Kazurabashi Bridge

Suspend disbelief and step back in time crossing the vine bridges of Iya Valley

The Iya Valley in Tokushima is a region known for its rugged terrain and stunning natural beauty. Nestled deep in the mountains, this remote area offers a unique glimpse into japan‘s traditional way of life. One of the highlights of the Iya Valley is its famous vine bridges, or kazurabashi, which have become iconic symbols of the region.

The vine bridges of Iya Valley are not your typical bridges. They are handwoven using wisteria vines and reinforced with hidden steel cables. These bridges are not only functional but also a testament to the ingenuity and craftsmanship of the local people. The bridges are rebuilt every three years to ensure their safety and longevity.

The most accessible and popular bridge in the Iya Valley is the Iya Kazurabashi. It can be reached by bus from JR Awa Ikeda and JR Oboke stations along the JR Dosan train line between Okayama and Kochi. Awa Ikeda Station can also be reached via the hourly Nanpu limited express service from Okayama. From Awa-Ikeda Station, buses stop at Iya Onsen Mae or Kazurabashi bus stops. From Oboke Station, take the Kazurabashi-iki Shikoku Kotsu Bus and get off at the “Kazurabashi” bus stop. Iya Kazurabashi is just a 5-minute walk from there. Alternatively, if you prefer a more remote experience, you can visit the Oku-Iya Kazurabashi bridges, which are located one hour by car from Iya Kazurabashi Bridge. These bridges are best visited by rental car or via a private tour.

The Iya Valley’s vine bridges have a fascinating history. They were originally built as lifelines for the local people who lived in the remote and mountainous area. The bridges provided a means of crossing the steep gorges filled with rushing water. They were also a deterrent to outsiders, as they could easily be cut down if enemies approached. Today, the bridges serve as a reminder of the region’s rich cultural heritage and the resilience of its people.

There are different theories about the origins of the vine bridges. One legend claims that they were built by the famous Buddhist monk Kobo Daishi to assist the villagers. Another popular story is that the bridges were constructed by defeated Heike soldiers fleeing their Genji pursuers during one of Japan’s many civil wars in the 12th century. Regardless of their origins, the vine bridges have become an integral part of the Iya Valley’s identity and a must-visit attraction for tourists.

The Iya Kazurabashi is the largest and most accessible bridge in the valley. It spans 45 meters in length, is two meters wide, and is suspended 14 meters above the water. Crossing this bridge is not for the faint of heart or anyone with a fear of heights. However, the breathtaking views of the surrounding mountains and the rushing river below make it a truly unforgettable experience.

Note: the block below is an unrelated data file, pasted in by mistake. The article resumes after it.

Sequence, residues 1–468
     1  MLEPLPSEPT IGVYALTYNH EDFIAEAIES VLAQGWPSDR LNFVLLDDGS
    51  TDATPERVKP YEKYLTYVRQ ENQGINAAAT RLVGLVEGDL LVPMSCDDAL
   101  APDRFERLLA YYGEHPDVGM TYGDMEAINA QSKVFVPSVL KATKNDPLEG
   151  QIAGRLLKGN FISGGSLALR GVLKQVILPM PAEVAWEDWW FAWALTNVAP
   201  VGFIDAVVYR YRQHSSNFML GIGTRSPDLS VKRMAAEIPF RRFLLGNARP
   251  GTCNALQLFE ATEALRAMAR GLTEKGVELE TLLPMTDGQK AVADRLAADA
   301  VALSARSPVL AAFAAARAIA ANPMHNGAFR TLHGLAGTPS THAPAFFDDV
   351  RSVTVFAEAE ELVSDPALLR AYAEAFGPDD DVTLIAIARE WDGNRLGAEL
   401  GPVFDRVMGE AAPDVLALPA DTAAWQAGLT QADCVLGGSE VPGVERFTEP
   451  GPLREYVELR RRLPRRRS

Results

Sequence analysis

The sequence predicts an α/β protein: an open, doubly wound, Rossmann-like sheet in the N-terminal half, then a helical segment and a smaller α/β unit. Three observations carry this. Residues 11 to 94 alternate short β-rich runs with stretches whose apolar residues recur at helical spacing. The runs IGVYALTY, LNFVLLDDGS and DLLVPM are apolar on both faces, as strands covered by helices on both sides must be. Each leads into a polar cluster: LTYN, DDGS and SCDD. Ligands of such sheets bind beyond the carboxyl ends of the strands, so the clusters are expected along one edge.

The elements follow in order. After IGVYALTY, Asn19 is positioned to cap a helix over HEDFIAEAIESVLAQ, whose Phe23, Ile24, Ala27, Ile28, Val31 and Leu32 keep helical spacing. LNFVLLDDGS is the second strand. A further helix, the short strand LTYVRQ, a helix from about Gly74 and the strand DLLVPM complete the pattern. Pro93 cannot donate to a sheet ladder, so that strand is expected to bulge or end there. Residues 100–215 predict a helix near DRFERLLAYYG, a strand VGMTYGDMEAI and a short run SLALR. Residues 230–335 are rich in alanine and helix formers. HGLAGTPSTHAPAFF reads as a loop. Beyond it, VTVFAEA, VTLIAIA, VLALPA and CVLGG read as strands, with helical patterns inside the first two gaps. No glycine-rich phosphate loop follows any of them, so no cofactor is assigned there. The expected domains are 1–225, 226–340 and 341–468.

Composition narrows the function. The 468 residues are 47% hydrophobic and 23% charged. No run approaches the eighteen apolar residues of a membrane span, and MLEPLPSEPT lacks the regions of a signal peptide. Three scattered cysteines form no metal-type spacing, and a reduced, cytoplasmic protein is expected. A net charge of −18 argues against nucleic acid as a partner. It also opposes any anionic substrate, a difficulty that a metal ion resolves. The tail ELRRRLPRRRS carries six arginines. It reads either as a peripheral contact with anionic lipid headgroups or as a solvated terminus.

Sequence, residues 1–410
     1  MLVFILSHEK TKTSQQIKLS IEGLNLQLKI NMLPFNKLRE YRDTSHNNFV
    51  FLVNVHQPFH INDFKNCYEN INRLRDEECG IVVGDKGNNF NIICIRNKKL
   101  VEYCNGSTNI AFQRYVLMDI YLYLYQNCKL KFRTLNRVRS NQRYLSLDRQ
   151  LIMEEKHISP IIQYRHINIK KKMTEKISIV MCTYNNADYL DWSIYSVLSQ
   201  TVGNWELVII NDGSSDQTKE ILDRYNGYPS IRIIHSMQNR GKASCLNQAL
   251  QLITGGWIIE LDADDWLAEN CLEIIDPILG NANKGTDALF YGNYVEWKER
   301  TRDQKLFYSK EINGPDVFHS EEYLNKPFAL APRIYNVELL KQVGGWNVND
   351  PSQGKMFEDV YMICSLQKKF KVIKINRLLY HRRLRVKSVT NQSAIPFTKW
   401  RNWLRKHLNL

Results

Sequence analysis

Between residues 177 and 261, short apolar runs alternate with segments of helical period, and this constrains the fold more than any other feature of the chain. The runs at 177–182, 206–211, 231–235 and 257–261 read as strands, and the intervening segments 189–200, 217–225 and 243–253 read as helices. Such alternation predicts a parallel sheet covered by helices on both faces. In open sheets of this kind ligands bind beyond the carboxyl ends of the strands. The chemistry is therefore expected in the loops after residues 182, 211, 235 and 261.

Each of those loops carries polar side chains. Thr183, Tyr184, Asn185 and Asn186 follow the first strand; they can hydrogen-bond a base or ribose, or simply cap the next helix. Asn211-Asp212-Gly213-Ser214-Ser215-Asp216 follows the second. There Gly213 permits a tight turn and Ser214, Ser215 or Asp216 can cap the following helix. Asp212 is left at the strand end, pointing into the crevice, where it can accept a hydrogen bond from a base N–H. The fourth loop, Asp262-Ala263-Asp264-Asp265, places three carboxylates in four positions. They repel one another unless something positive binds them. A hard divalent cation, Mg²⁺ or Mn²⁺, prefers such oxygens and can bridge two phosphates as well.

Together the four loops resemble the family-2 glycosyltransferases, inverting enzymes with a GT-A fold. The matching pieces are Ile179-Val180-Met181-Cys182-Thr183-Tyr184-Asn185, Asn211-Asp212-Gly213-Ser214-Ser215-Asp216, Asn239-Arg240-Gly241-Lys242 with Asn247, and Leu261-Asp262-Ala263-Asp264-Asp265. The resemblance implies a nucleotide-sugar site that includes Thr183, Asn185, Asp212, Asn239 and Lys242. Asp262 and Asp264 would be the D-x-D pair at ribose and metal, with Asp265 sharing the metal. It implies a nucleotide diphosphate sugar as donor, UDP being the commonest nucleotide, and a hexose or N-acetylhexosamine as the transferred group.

In addition to the Iya Kazurabashi, there are also the Oku-Iya Kazurabashi bridges. These bridges are a husband and wife bridge pairing and are located in the eastern part of the valley near Mt. Tsurugi. To reach these bridges, you have to take a short walk through a forest. The lack of development around this area gives you a sense of stepping back in time, as if you have been transported to a different era.

Visiting the vine bridges of Iya Valley is not only a chance to experience the natural beauty of the region but also an opportunity to learn about its history and culture. The bridges are not just architectural marvels but also a reflection of the resilience and resourcefulness of the local people. Crossing these bridges is like stepping into a different world, where time seems to stand still and the worries of modern life fade away.

Whether you choose to visit the Iya Kazurabashi or the Oku-Iya Kazurabashi bridges, you are sure to be captivated by the beauty and tranquility of the Iya Valley. These bridges are not just tourist attractions but also symbols of the region’s rich heritage and the spirit of its people. So suspend disbelief, step back in time, and experience the magic of the vine bridges of Iya Valley.

Address And Maps Location:

162-2 Nishiiyayamamura Zentoku, Miyoshi-shi, Tokushima-ken

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